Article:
Srinagar: The academic progress of students in government schools has been severely impacted as the distribution of free textbooks by the School Education Department (SED) faces significant delays.
Despite the passage of two months since the start of the new academic session, students enrolled in most of the education zones across Kashmir are yet to receive the textbooks – the essential learning materials.
According to the official schedule earlier notified by the JKBOSE, the process for distributing textbooks was set to commence on April 5, 2023.
The books were expected to reach all zones across Kashmir by the last week of April or the first week of May. However, this timeline has not been met, leaving students at the receiving end.
Scores of teachers from Kupwara and Baramulla district voiced their concern, revealing that several schools were still awaiting textbook deliveries from their respective zones.
As a result, teachers have been forced to manage classes by reusing books from the “book bank” maintained by the department.
Under the book bank initiative, teachers collect textbooks from students who have been promoted to the next class and distribute them to incoming students. Unfortunately, due to the delays, most students are being deprived of fresh textbooks, as they are receiving worn-out and outdated copies.
"This situation becomes particularly problematic when the board authorities update the content of certain textbooks, leaving students unable to study the revised material," a teacher said.
Similar complaints have surfaced from other districts, with teachers asserting that the department has failed to provide complete sets of textbooks to the students.
One teacher in Baramulla district highlighted the inadequate provision of books for the seventh-grade students, with only three – Mathematics, Geography, and Political Science - out of eight required textbooks being supplied.
Similarly, for fifth-grade students, only two – English and Urdu - out of five textbooks have been provided while first-grade students have only received textbooks for Kashmiri and English subjects.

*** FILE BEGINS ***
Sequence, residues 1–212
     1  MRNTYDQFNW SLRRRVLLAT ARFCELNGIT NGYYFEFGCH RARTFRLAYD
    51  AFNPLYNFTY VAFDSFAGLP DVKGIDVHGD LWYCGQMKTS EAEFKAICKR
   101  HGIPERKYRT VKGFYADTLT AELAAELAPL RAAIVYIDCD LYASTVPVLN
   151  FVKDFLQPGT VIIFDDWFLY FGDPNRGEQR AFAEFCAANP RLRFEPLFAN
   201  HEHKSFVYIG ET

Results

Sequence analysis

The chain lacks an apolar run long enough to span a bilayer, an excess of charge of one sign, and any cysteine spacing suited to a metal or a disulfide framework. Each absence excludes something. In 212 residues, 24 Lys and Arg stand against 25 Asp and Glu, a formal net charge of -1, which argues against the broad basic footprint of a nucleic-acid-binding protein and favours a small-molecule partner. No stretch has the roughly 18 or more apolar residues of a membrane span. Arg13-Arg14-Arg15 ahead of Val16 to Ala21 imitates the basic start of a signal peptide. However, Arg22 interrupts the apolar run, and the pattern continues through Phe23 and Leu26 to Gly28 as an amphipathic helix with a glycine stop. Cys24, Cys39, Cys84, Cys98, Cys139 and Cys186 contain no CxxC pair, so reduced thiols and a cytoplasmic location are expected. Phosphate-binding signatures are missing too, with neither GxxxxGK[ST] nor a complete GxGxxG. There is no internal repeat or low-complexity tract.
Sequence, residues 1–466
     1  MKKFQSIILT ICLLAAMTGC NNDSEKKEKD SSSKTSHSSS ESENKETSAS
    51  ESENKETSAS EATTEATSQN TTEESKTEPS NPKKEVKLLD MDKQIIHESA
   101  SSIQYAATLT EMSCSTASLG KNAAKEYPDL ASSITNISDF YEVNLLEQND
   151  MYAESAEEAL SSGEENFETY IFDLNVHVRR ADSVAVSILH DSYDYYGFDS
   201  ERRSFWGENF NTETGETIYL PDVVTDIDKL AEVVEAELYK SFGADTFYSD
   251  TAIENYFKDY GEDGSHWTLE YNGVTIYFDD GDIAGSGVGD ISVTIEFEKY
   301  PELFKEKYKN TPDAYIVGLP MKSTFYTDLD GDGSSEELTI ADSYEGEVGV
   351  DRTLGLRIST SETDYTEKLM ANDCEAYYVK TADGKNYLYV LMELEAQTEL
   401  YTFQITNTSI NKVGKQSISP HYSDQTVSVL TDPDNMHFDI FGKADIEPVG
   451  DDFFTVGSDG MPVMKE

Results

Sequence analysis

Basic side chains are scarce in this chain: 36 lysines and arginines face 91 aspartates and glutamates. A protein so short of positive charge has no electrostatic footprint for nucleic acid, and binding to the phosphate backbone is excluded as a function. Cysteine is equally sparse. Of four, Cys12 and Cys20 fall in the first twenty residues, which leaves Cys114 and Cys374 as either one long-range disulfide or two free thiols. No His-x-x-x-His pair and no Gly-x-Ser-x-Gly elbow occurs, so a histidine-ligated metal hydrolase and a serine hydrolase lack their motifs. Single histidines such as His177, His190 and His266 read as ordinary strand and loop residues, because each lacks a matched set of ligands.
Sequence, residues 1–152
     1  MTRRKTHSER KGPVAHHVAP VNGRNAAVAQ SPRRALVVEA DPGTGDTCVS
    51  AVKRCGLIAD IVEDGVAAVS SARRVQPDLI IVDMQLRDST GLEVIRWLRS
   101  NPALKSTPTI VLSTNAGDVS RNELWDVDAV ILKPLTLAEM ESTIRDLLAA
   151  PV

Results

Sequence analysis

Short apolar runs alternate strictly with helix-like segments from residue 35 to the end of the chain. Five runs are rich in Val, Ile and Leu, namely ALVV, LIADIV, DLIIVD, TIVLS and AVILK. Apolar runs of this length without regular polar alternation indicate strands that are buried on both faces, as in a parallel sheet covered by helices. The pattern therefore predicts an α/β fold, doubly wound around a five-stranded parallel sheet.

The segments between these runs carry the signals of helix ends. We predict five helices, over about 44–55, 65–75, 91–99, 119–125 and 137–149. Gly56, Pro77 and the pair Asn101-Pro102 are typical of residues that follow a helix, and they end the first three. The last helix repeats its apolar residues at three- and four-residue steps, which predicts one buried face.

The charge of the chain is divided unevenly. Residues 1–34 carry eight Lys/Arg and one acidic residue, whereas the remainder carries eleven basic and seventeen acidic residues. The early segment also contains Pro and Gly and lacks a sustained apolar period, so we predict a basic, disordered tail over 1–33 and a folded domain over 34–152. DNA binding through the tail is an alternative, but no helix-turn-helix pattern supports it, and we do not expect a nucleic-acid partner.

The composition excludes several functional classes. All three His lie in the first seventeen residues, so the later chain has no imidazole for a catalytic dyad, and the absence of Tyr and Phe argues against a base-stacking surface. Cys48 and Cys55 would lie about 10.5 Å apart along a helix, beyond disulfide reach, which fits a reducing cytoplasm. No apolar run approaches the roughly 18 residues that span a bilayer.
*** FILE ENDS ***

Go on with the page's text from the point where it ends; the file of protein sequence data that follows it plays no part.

Over the years, the school heads and teachers establish a book bank, as per the government directions, and utilise old books, providing 25 percent of the required textbooks from these resources.
"The department is expected to supply the remaining 75 percent. However, this directive has not been fully implemented, resulting in a shortage of books," another teacher said.
The teachers said that only 50 percent of the required books had been provided.
“For instance, in eighth-grade with 20 students, the school has managed to arrange books for only five students, while the department has supplied books for ten,” the teacher said. "The remaining five students have no textbooks, creating chaos in schools."
While the schools are facing a dearth of textbooks, JKBOSE published textbooks are available in the market in bulk.
"It has raised apprehensions among the stakeholders as to why the department failed to provide free textbooks in schools while there is no shortage of textbooks in the market," an official said.
However, the teachers attribute the delay to either the zonal offices failing to submit requisitions to the J&K Board based on the schools' textbook requirements or the board's inability to meet the demands adequately.
Talking to Greater Kashmir, Principal Secretary School Education Department (SED) Alok Kumar said, "The department is looking into the issue."